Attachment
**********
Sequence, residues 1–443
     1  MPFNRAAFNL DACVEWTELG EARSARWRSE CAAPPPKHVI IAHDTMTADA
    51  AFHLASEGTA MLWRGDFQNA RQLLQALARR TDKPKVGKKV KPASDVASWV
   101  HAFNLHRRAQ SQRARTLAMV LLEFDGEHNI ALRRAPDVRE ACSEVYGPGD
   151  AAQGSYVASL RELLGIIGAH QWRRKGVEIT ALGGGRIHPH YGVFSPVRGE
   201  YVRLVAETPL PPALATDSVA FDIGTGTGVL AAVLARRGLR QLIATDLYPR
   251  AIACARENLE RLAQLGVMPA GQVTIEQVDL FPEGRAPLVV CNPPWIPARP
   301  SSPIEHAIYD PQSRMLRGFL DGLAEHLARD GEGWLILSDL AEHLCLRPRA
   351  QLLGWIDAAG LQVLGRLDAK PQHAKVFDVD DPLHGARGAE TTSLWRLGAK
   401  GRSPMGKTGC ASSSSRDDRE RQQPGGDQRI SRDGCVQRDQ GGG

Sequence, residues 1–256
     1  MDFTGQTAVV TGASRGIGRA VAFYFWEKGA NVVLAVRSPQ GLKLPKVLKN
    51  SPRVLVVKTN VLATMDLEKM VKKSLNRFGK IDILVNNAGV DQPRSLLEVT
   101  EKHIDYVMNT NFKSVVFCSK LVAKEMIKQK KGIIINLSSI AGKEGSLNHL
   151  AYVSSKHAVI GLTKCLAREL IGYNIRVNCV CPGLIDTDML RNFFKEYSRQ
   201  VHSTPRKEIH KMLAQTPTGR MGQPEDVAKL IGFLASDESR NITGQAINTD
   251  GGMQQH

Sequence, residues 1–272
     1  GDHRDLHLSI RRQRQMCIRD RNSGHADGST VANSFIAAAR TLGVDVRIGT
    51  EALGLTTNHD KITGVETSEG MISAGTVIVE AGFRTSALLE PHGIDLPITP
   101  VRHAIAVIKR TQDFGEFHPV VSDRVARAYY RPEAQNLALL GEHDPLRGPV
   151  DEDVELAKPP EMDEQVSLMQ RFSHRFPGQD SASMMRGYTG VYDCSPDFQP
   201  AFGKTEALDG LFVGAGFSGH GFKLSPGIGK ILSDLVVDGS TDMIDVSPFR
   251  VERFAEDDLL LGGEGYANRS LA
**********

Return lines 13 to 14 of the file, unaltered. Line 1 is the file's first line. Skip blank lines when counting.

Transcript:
    51  SPRVLVVKTN VLATMDLEKM VKKSLNRFGK IDILVNNAGV DQPRSLLEVT
   101  EKHIDYVMNT NFKSVVFCSK LVAKEMIKQK KGIIINLSSI AGKEGSLNHL